Hoof and Mouth

Chvala Talks on the Tenth Anniversary of His Troupe

Kids who read Harry Potter would love Joe Chvala's basement. His theatrical wizardry has transformed assorted odds and ends into a fantasy-world-cum-studio where gaudy chandeliers drip strands of dime-store beads, and exotic fabrics spill out of every musty corner. At the center of this ragtag Xanadu is Chvala's latest creation: a set for his newest production, Birthday of the Infanta, based on a story that Oscar Wilde wrote for his children. Wilde would certainly have applauded this sly conglomeration of decorative parasols, paper lanterns, plastic flowers, and velvet-draped platforms--assorted trashy trimmings resembling a cross between a Chinese restaurant and a Mexican bordello.

Tonight the percussive dance phenom takes his hoofers through the paces of a Gypsy divertissement from the new work, their wild-and-free Romany air rubbing up against Chvala's convoluted rhythms. They effortlessly toss off bits of Irish step dance, flamenco heelwork, and laid-back rhythm tap, a stylistic meld that has become a hallmark of Chvala's eclectic oeuvre. Later they cavort through a hip-hop garden section impersonating flora and fauna while decked out as supermodels.

Birthday of the Infanta is the tale of a dwarf who becomes a favorite of the 17th-century Spanish court after being brought in to entertain the young princess on her birthday. Overjoyed by the attention and entranced by the little infanta, the dwarf eventually realizes that he is being mocked for his ugliness and deformity.

"I think it's one of the most charming and heartbreaking things Wilde wrote," says Chvala, a lean man of 45 with imperial cheekbones and startling blue eyes. "It's about the dichotomy between what the dwarf sees on the outside and feels on the inside--something that appeals to me as a gay man."

The cruelty of children is familiar to Chvala, who often endured the scorn of his classmates. "As a kid, I knew I was different but didn't know why," he confesses over coffee at Vera's Café in the Lyn-Lake neighborhood of Minneapolis. "So I tried to create other worlds that people could visit." He once made a swing out of a banana crate and hung it in a tree. "I tried to find weird ways to swing in it and dreamed of an aerial show," Chvala reminisces. He also made shadowbox worlds and, encouraged by his parents, painted his bedroom in psychedelic colors.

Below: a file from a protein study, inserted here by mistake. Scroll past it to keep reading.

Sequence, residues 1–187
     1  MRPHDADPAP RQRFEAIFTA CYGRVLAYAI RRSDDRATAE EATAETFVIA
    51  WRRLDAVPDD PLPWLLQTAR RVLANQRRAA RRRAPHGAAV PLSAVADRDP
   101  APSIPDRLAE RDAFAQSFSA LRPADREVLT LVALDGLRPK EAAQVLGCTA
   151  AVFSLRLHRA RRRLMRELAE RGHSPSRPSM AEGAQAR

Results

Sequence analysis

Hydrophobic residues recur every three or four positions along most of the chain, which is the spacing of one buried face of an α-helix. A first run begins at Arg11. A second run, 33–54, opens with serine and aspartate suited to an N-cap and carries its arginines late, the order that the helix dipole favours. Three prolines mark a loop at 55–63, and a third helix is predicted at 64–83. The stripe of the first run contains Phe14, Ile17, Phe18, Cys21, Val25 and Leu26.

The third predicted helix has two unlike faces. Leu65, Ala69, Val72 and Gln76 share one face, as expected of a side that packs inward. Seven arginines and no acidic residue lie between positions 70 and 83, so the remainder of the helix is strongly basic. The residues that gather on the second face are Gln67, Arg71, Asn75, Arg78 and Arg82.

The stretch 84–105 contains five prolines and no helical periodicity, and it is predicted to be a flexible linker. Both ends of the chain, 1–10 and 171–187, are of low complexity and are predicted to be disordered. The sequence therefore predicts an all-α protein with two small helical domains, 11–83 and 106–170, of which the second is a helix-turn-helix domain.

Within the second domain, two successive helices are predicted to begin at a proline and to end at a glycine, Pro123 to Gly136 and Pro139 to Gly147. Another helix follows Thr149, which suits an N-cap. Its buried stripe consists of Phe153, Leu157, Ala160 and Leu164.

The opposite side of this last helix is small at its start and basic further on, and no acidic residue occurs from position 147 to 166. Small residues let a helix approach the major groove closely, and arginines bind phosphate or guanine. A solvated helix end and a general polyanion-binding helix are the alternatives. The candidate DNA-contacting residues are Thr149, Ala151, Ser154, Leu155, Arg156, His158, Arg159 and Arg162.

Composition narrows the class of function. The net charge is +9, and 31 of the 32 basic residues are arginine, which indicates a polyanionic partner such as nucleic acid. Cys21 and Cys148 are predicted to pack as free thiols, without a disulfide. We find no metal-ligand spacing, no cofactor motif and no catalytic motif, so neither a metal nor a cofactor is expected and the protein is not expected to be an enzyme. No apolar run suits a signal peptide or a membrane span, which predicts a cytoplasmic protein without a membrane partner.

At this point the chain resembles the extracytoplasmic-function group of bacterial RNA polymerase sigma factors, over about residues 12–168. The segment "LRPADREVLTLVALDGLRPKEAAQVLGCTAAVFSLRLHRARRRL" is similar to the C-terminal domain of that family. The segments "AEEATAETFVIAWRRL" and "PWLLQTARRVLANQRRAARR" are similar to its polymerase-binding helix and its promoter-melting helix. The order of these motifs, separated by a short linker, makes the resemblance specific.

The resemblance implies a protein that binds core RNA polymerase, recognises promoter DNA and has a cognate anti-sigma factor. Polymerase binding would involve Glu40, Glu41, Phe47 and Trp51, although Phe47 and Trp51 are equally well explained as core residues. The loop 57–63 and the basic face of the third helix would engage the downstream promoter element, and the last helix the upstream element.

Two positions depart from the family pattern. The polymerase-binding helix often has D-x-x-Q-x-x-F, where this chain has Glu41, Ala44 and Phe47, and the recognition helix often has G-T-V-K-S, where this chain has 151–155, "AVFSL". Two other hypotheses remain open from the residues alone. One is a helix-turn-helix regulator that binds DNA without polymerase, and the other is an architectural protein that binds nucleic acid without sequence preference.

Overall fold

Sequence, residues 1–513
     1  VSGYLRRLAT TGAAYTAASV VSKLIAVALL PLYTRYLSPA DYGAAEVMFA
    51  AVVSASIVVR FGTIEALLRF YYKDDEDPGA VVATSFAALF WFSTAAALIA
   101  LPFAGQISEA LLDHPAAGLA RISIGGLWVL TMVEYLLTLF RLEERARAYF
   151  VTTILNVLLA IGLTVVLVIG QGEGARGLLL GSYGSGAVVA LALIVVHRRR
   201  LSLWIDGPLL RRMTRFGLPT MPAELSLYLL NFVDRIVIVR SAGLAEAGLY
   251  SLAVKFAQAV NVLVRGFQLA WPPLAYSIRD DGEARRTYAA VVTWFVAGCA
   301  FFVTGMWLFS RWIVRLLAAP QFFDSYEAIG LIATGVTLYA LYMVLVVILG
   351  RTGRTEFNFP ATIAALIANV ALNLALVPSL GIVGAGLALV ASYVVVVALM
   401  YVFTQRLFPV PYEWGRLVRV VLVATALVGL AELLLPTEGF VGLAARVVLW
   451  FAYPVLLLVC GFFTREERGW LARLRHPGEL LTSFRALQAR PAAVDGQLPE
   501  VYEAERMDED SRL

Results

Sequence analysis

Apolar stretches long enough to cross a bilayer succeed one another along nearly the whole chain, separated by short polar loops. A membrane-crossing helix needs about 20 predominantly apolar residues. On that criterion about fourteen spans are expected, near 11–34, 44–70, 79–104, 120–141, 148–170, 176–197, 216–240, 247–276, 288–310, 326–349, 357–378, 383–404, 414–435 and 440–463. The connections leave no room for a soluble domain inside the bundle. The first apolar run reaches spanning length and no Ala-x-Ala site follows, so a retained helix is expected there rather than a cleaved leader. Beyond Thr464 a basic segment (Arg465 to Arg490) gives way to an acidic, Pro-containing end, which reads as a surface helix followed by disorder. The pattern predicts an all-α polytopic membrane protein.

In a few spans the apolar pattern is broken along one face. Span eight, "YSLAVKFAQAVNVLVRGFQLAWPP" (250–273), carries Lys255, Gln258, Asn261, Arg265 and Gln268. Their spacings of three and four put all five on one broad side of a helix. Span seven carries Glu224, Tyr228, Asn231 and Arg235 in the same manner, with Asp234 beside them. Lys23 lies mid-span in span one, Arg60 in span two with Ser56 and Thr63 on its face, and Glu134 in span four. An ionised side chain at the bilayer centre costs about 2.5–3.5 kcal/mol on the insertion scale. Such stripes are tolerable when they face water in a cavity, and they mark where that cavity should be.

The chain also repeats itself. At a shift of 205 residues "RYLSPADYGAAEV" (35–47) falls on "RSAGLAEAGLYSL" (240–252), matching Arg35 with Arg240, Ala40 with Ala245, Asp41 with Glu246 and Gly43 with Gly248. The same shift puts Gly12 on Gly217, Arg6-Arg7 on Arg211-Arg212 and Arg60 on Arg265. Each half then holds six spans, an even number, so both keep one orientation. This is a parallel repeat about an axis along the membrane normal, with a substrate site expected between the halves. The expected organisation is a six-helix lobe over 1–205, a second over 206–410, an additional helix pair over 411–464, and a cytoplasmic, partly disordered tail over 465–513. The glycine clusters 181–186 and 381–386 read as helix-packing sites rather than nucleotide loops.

Chvala, who started tap dancing at age five, grew up in a Wisconsin family of Czech descent, pursuing his interest in folklore and music from Scandinavia and Eastern Europe. As an adult he performed in musical theater (including Hello Dolly at Chanhassen and My Fair Lady with the Minnesota Opera) and began creating productions that blended percussive dance forms and European folktales with a consciously gay aesthetic. "My work is flamboyant, very camp, a mix of loving things about the world but also being hyperaware and hypercritical," Chvala explains.

In 1990 he moved to Minneapolis and started the Flying Foot Forum. Since then his inspired mix of austere mythology and flashy eccentricity has gained him a considerable following locally and nationally. "Folklore and percussive dance are both forms that take us back to some sort of primal reality," says Chvala. "It's the need to stomp our feet on the ground and make music, shout, express our relationship to the earth."

In the upcoming two-week celebration of Flying Foot Forum's tenth anniversary, Chvala is presenting a mix of excerpts from past works and a peek at Birthday of the Infanta, still a work in progress. Highlights include the "Berserks" section of his Mjollnir trilogy about ancient Nordic heroes; the porno-polka section from Trä, a Scandinavian legend about a female seductress figure; and "All Creatures Now Are Merry Minded," a madcap tribute to the English madrigal.

"I have this compulsion to mix horror, sweetness, and comedy in my work," says Chvala. "I'm basically a romantic trying to deal imaginatively with the ongoing shit of life."

 
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